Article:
Posted December 6, 2021 by Adrian Wyssmann ‐ 5 min read
Code quality is important and as part of this we are usually also interested in the code coverage. But what is code coverage and what we can do with it?
What is code coverage?
code-coverage is the measurement of how much of your source code is covered i.e. executed trough test cases. Usually code coverage is often only related with unit-tests but that’s not really correct. Every test on all levels of the Test-Pyramid, cover certain lines your code. However as the unit-tests are so near to the code, it’s usually easier to measure. The higher up in the Test-Pyramid your tests are, the more difficult it is to tell exactly which code is covered with your tests.
When we speak about code coverage but there are coverage criteria which can be measured:
- Function coverage – has each function (or subroutine in the program been called?
- Statement coverage – has each statement in the program been executed?
- Edge coverage – has every edge in the Control flow graph been executed?
- Branch coverage – has each branch (also called DD-path of each control structure (such as in if and case statements) been executed? For example, given an if statement, have both the true and false branches been executed? This is a subset of edge coverage.
- Condition coverage (or predicate coverage) – has each Boolean sub-expression evaluated both to true and false?
Let’s have look ath a simple program and the it’s program flow. If a program is executed it happens in a well defined manner from top to bottom and from left to right. For example
#!/usr/bin/python print("1. statement") print("2. statement")
So the above python script will print first
1. statement, then
2. statement. However complex programs also have control structures which has an effect on the flow. Such structures are
- function calls
- others like break
Let’s have an example of a simple, but non-linear example
#!/usr/bin/python def doThis(x,y): return "do this" def doThat(x,y): return "do that" def simpleFunction(x,y): if (5 <= x or y < 10): return doThis(x,y) else: return doThat(x,y)
Let’s draw the possible flows of the program:
Covering the full code, would required to go trough all paths, which can be achieved by choosing the right values for
y. So for the left path you could choose
y whatever. For the right path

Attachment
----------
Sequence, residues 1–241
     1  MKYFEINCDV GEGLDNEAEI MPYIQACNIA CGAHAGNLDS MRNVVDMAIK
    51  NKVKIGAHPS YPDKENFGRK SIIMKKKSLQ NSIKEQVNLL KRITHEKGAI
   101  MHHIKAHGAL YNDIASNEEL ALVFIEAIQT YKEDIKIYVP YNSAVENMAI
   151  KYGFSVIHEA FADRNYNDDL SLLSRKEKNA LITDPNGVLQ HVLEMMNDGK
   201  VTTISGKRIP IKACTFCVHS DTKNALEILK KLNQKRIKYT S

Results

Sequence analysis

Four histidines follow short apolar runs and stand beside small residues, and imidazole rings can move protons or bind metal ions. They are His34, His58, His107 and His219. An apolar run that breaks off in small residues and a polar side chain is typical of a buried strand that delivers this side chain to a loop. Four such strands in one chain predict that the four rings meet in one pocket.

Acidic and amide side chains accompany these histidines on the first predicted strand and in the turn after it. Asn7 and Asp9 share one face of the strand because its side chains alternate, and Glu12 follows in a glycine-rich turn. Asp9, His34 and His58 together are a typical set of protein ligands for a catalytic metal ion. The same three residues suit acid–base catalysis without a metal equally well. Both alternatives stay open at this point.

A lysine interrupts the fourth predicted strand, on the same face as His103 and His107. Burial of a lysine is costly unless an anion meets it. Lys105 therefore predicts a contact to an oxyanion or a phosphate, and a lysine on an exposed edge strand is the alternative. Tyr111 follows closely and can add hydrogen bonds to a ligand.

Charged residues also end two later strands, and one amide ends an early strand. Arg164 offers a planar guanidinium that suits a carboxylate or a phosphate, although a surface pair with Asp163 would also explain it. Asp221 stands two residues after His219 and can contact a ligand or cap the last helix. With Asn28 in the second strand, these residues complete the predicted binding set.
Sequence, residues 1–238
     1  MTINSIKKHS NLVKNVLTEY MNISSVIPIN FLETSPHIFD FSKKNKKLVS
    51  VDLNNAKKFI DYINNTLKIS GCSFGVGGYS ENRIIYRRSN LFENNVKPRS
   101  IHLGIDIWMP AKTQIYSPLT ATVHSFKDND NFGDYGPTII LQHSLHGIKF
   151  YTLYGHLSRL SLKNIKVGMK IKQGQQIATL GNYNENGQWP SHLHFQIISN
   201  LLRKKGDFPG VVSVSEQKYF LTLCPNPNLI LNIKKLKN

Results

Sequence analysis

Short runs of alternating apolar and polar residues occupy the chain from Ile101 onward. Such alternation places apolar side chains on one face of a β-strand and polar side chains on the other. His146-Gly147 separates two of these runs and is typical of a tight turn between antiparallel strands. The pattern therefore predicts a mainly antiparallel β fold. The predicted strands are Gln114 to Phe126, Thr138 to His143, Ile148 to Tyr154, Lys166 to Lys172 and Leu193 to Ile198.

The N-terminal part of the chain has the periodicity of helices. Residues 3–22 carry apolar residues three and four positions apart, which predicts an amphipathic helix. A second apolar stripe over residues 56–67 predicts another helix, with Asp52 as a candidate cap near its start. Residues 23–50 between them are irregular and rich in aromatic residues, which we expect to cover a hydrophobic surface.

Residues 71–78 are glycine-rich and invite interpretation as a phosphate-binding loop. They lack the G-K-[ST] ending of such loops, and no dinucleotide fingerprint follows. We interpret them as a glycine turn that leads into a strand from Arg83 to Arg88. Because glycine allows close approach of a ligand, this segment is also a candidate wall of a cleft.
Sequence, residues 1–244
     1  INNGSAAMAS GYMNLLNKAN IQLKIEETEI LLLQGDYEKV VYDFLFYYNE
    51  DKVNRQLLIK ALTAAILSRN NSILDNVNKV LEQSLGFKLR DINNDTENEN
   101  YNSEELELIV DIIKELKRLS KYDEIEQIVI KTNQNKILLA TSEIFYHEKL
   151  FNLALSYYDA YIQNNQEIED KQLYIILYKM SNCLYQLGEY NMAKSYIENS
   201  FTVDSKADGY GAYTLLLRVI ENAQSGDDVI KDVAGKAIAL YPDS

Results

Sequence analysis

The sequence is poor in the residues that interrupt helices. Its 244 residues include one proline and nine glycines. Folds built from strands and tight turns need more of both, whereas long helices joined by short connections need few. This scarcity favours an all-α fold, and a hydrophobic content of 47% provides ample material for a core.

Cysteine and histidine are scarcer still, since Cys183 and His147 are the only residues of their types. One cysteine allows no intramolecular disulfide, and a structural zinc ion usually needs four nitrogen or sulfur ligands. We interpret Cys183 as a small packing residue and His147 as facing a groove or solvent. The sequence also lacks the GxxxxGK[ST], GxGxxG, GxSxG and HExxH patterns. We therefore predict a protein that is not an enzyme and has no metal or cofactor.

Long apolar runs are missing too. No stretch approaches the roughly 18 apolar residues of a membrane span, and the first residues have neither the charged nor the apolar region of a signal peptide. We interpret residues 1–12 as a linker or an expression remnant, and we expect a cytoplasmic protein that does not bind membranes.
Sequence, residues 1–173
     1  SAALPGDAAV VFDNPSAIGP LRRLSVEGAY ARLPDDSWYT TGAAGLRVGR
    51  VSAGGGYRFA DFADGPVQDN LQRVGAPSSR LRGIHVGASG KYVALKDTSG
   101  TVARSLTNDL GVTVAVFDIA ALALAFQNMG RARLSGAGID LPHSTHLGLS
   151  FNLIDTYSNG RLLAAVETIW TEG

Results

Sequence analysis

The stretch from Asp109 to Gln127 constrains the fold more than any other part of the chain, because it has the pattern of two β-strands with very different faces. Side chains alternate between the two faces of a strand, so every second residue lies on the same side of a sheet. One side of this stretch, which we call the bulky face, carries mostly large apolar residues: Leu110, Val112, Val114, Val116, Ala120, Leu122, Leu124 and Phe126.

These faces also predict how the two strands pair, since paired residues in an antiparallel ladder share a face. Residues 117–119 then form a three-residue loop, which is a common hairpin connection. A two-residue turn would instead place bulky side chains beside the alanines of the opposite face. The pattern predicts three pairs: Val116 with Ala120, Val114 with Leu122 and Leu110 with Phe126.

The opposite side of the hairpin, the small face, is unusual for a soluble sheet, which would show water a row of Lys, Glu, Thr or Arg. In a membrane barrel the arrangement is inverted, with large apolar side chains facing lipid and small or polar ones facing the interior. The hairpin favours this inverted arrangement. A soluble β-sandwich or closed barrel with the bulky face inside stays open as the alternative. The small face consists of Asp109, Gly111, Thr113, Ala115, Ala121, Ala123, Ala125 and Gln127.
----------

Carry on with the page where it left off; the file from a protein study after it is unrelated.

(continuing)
y=10. So with 2 test cases you simply can cover all paths. But as you might suspect, this is not enough. Code coverage may tell you, how good your code is covered, but does not say anything about the quality of your code.
Why not? For instance, if you approach your unit test more methodically, you can see that there are different cases, which make the statement true or false. So both, the left and right condition can either be true or false, which then makes the complete statement either true or false (or-condition):
So, to properly test the conditions, we need 4 test cases. Now, assuming you can easily mistype
< so for instance you write,
5 < x || y <= 10 you might also understand choosing any value for
y for cases at the border is important. Let’s say we pick any number as in the table below, test cases will cover 100% of your code and pass.
|1||F||20||F||F (PASS)||F (PASS)|
|10||T||20||F||T (PASS)||T (PASS)|
|1||F||5||T||T (PASS)||T (PASS)|
|10||T||5||T||T (PASS)||T (PASS)|
However, the test cases will not detect the mistype I mentioned above, unless we carefully choose the values for
y which are in the border of the
|4||F||10||F||F (PASS)||T (FAIL)|
|5||T||10||F||T (PASS)||T (PASS)|
|4||F||9||T||T (PASS)||T (PASS)|
|5||T||9||T||T (PASS)||T (PASS)|
Where is code coverage useful?
As shown above, high code coverage does not necessarily mean your code is properly tested but it certainly help to identify uncovered areas of your code. An other important indicator is also the measure of the trend, means code coverage should be rather increased than decreased. A decreasing (% of coverage) usually means you add code which is not tested. I recommend to have a look at Test-driven development so your developers also think about testing while writing the code.
So you see, measuring code coverage has its use, just don’t use the coverage as a hard measurement criteria cause it may lead to false security and may even be contra-productive for your code quality
You may also find the following article interesting: Code coverage is a useless target measure
Measure Code Coverage
As mentioned, measurement of code coverage is usually done on unit level. So what do you need to measure the code coverage?
- Source Code (obviously)
- Unit tests
- A tool which measures the coverage
Some of the most prominent tools are
I will cover some details on how to use in a follow-up post, staring with code coverage in Java using Jacococ